Some fantasy expert folks are smart enough to pick their sleeper pitchers based off extensive scouting of their arm mechanics but then there are fantasy experts like me who are baffled by all of that so they just rely on the stats to tell them who to target. In the nine years that I’ve been doing this site, I’ve been identifying sleepers by setting benchmarks that I’ve found to be indicative of success and targeting the players with late ADPs who surpass those benchmarks. I’ve already talked a bit about this in my post about finding sleeper hitters in 2018. It is not a subjective system at all; it’s just stats and data telling us who to target, even if I hate that player for some reason in real life.
My system for finding sleeper pitchers is based around those pitchers which dominate a strikezone and can ultimately control a batter as opposed to a pitcher who relies on their fielders to help them out. At the end of the day, I’m looking for pitchers who can throw strikes, avoid walks and make batters swing and miss a lot. Based on research I’ve done over the years, I set benchmarks for the top tier pitchers when it comes to these things:
- Swinging Strike % above 8.5
- Contact % under 82.5%
- Strikes/Balls above 1.65
- K-BB% Diff above 17.5%
- Under 30 years old
The first three stats here are focused on pitch-by-pitch success. Swinging Strike Percentage shows the percentage of pitches in which the pitcher was able to make the batter not only swing but miss. Contact percentage isn’t much different than the name suggests as it measures how often the pitcher allows the batter to make contact. Strikes/Balls is a stat that I kind of invented on my own but it shows the ratio of strikes thrown compared to balls thrown by the pitcher. I’ve found that self-made stat to correlate well with current and future walk rates.
Outside of actual statistics, I’ve found that pitchers over 30 are a bit less reliable in becoming a “sleeper” so I narrow the list to only pitchers under 30.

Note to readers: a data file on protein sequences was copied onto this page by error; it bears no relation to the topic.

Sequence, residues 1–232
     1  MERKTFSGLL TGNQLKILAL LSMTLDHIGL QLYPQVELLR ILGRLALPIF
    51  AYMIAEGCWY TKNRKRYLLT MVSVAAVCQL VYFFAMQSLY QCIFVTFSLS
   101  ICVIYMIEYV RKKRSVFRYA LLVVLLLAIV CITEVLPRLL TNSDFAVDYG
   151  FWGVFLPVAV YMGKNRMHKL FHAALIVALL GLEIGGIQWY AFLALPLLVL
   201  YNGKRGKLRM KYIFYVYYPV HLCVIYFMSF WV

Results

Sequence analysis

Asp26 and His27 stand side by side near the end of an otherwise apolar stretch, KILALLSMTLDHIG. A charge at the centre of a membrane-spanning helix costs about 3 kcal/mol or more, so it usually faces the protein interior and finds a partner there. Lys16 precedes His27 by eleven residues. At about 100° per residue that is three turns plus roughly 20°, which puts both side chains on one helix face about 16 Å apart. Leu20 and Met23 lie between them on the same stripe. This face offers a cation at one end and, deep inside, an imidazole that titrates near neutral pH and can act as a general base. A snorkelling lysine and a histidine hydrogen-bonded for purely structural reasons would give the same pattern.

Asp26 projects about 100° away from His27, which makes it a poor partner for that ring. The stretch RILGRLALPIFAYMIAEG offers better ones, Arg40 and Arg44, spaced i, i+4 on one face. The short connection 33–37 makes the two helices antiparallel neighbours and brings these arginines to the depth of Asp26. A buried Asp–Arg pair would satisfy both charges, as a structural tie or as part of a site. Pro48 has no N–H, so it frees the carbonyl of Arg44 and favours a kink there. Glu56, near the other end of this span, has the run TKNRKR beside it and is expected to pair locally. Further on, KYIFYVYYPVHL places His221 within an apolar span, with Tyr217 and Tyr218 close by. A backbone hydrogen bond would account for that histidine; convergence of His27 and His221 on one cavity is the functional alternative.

In a given year, this usually generates a list of a dozen or so pitchers. This will include some of the best pitchers in the game but also include pitchers who are being drafted fairly late in your drafts. Those are the pitchers that we want to target.
The 2018 Potential Sleeper Pitchers
After applying all of those filters, I get a list of 18 starting pitchers who meet that elite criteria in 2018. As mentioned above, many of them are already household names like Chris Sale but there are four pitchers who catch my eye this year because of their cheap price tag.
Outside of those first 10 rounds of a typical 12 team draft, we start to see some interesting names. These pitchers performed at a level indicative of the top pitchers in the game but can be found a greatly discounted price. These represent our super sleeper (aka “narco”) pitchers for 2018.
- Luke Weaver, Cardinals
- Jon Gray, Rockies
- Danny Salazar, Indians
- Kenta Maeda, Dodgers
One name that I had to leave off the list is Jimmy Nelson despite him qualifying but that is because he’s injured to start the season and may not be back for a while. He’s an interesting player to keep an eye on if you can stash him away though.
These other four players have the potential to deliver early round value and are likely being drafted in the later rounds due to their inflated ERA or WHIP numbers from last season. However, without getting too deep into the factors that may have caused this, we can see that bad luck may have affected these four pitchers as their average BABIP was .323 compared to an average of .290 for pitchers drafted above them (their LOB% also was 74% compared to 77% for the earlier group). With a little course correction in 2018, we should see these pitchers deliver better numbers this season without costing you a ton in your draft. Everybody loves a little low risk and high reward.
Danny Salazar is one of the more interesting names here for me because his base numbers are similar to Robbie Ray but they obviously got very different ERA & WHIP results last season. If the luck dragons leave Salazar alone this season, he could be one of the top performers from this group.
Luke Weaver is a high-upside young player that we have to be slightly cautious of because his numbers came from a smaller sample size (60 IP). The fact that he is being drafted as late as he is this year though makes him worth a small gamble in my book. If he were being drafted in the first ten rounds, I’d likely be more hesitant to use a pick on him.
Jon Gray and Kenta Maeda are names we’re already familiar with from over the years. While they may not take a full jump to elite pitcher status, there’s still a good chance that they could deliver more value than their draft spot at this point in time so that makes them nice options to have as one of the pitchers deeper in your rotation.